6 Amazing Reasons Why Foam Rolling Is Good For Recovery

It hurts so good. I’m talking of course, about foam rolling. You know, that studded little power strip of foam. Or as I like to call it, the pain enforcer. Foam rollers are used to assist in myofascial release, after a grueling WOD, long distance run, or gripping power lifting session. The reason we foam roll, or neglect to foam roll, is to not only make us cringe, but to both help you warm up and recover faster after a gut-wrenching workout. So what are we going to do? By now, you probably know that Swolverine is an evidence-based company. So, let’s see what the studies say about the benefits, and proper uses of foam rolling, to help us get back out on the floor to hammer out more thrusters.

What Are The Benefits Of Foam Rolling?

To date, there are a limited amount of studies covering the performance benefits of foam rolling for athletes. But, the research that is available suggests that foam rolling does most of what it promises to do – namely helping you warm up before your workout and recover faster. A small study published in the Journal Of Athletic Training examined the effects of foam rolling as a recovery tool after intense exercise protocol through assessment of pressure-pain threshold, sprint time, change-of-direction speed, power (broad-jump distance), and dynamic strength-endurance. The results suggested that foam rolling after a workout, is effective and  reduced Delayed Onset Muscle Soreness (DOMS) and associated decrements in most dynamic performance measures [R]. Often times, severe soreness and in some cases debilitating pain is what impedes your training sessions.

Is Foam Rolling Good For Recovery - Swolverine

A comprehensive and systematic review published in the International Journal of Sports Physical Therapy found that self-myofascial release with a foam-roller improved joint range of motion, enhanced post workout muscle recovery, and reduced the severity of DOMS [R,R]. With better range of motion and increased flexibility, you’ll be able to perform advanced Olympic movements such as snatch, push-jerk, and power cleans with more efficient and effective form.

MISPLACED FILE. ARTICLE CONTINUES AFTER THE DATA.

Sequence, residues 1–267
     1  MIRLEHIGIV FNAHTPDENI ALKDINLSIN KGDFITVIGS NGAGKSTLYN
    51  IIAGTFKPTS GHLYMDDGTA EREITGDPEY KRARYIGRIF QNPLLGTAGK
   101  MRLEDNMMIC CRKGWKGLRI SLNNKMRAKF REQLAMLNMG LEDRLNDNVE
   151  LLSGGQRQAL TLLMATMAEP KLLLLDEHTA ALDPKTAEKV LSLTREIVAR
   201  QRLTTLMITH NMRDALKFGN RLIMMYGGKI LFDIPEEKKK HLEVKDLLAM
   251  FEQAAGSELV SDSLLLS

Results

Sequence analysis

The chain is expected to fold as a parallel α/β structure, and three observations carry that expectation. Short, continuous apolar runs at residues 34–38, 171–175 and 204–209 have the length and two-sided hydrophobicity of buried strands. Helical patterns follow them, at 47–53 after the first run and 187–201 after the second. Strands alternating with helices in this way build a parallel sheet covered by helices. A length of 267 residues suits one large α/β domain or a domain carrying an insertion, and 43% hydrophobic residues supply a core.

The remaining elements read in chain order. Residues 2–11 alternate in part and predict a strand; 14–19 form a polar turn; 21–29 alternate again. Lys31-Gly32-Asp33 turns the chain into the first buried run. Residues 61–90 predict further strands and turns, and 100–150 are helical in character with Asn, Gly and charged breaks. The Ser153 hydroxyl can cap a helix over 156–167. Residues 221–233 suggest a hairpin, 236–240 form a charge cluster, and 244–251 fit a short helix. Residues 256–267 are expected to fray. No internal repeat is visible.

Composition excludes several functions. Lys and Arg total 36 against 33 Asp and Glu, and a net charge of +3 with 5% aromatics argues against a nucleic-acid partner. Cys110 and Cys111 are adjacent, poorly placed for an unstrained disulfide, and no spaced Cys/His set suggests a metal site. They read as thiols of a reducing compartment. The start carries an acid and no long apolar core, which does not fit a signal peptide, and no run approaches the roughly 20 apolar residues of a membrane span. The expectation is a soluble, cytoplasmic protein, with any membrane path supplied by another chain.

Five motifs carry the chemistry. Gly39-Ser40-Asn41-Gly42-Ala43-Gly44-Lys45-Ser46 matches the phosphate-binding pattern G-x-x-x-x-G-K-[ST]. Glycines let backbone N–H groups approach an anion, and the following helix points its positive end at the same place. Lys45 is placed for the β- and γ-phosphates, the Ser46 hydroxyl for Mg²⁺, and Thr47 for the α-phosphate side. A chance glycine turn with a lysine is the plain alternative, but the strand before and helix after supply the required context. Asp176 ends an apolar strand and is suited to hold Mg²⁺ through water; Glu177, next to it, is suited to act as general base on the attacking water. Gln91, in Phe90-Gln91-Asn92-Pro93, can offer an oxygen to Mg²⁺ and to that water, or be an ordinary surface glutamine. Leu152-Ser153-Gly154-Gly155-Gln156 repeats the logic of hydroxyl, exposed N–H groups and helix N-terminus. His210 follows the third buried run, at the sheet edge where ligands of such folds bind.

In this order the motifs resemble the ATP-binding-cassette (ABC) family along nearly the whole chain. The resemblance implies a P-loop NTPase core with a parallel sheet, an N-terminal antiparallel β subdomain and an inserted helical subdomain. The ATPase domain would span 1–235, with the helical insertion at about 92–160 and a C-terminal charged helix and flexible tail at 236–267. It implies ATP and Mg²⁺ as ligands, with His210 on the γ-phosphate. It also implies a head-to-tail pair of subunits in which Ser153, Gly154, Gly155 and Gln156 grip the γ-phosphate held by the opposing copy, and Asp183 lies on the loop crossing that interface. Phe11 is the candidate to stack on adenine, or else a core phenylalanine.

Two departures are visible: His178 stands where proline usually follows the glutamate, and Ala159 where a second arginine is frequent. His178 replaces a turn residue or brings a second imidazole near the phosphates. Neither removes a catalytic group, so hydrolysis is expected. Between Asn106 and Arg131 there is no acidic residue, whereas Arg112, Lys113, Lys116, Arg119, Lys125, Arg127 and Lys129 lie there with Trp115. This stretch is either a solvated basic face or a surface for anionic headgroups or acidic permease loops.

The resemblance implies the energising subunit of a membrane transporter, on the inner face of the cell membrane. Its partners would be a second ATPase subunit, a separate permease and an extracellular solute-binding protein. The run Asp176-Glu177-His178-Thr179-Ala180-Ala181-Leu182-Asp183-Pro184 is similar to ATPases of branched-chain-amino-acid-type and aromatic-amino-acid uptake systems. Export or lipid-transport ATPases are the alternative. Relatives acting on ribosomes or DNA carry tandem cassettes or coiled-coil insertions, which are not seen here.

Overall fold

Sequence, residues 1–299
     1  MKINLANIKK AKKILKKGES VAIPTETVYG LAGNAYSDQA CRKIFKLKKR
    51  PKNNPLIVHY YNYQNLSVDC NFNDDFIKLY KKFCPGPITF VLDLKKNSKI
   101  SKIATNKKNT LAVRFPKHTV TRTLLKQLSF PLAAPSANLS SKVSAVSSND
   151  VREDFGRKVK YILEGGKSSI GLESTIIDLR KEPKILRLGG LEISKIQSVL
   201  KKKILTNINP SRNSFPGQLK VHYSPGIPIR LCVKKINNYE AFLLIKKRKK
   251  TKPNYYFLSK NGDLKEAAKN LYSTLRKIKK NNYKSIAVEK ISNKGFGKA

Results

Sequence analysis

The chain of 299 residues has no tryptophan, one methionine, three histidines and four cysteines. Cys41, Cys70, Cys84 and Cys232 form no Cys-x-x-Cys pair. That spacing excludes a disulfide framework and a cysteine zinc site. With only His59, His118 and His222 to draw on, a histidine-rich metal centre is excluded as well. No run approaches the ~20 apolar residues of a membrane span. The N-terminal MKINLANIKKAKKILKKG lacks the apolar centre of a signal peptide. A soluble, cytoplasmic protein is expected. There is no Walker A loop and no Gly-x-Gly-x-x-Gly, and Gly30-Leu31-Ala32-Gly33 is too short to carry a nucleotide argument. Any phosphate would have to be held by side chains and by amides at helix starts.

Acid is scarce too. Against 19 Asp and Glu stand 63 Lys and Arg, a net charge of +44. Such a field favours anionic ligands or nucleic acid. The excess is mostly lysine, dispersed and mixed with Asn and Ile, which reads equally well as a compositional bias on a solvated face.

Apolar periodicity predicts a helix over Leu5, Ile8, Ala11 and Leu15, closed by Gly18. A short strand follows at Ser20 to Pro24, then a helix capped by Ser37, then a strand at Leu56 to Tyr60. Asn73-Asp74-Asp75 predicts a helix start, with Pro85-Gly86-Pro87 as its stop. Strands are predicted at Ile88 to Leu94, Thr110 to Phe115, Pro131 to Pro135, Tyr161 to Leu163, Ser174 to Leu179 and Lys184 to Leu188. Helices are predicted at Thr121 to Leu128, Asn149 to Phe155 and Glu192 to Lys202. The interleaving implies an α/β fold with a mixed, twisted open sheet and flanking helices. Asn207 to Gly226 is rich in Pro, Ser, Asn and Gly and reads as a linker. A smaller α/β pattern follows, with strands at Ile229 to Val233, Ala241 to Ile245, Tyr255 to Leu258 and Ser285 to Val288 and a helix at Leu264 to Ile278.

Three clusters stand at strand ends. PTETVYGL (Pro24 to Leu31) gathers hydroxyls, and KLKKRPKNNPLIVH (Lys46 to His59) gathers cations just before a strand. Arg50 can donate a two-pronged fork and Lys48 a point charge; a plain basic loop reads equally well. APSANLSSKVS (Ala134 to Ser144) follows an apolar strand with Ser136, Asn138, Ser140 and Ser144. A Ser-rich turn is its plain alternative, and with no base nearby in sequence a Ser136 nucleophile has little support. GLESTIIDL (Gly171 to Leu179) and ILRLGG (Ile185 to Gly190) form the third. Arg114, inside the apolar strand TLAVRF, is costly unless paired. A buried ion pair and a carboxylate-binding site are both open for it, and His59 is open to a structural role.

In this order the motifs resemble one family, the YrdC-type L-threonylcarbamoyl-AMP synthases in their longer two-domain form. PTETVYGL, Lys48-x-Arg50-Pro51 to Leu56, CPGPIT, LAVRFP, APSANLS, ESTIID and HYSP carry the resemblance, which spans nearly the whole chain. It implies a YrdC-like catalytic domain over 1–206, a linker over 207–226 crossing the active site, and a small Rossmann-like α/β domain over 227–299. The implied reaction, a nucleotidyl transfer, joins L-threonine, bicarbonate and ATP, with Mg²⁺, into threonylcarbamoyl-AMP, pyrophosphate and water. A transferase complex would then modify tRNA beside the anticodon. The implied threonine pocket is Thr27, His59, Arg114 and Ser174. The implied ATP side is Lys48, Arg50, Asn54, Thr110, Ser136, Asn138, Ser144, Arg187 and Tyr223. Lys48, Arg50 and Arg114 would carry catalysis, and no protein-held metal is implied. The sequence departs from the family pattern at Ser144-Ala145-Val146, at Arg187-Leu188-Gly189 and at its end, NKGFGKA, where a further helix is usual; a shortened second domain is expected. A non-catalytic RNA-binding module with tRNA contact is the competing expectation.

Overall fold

Therefore foam rolling is good for,

  • Reduced Exercise Induced Muscle Soreness: Foam rolling the muscles increases blood flow and oxygen to the fascial tissue, promoting the natural healing process. 
  • Improve Flexibility: Foam rolling helps release adhesions and tension in your muscles, and therefore helps lengthen your muscle tissue.
  • Reduced Stress: Often times, calcifications and adhesions can build from stress, which can negatively impact quality of life, sleep, and performance. By foam rolling and myofascial release, you can significantly reduce stress. 
  • Improved Range Of Motion (ROM):  Foam rolling helps to stretch and lengthen muscles, so you have a better range of movement [R].
  • Protecting Yourself From Injury Tight muscles can be more prone to injury, so self-release of muscles and fascia can help loosen everything up and increase your overall performance. 
  • Reduces Post-Workout Muscle Fatigue: With less fatigue, you’ll be able to increase training volume and performance [R, R].

How Does Foam Rolling Work? 

Now that we know foam rolling is a great recovery tool, how does foam rolling actually work? Foam rolling applies direct pressure to troublesome areas of stress or exercise induced adhesions or calcifications also called knots. These muscle knots can disrupt training and can make you more prone to injury. Self myo-fascial release, similar to getting a sports massage, can provide deep release of connective and soft fascia tissue, but without spending a hundred bucks per hour.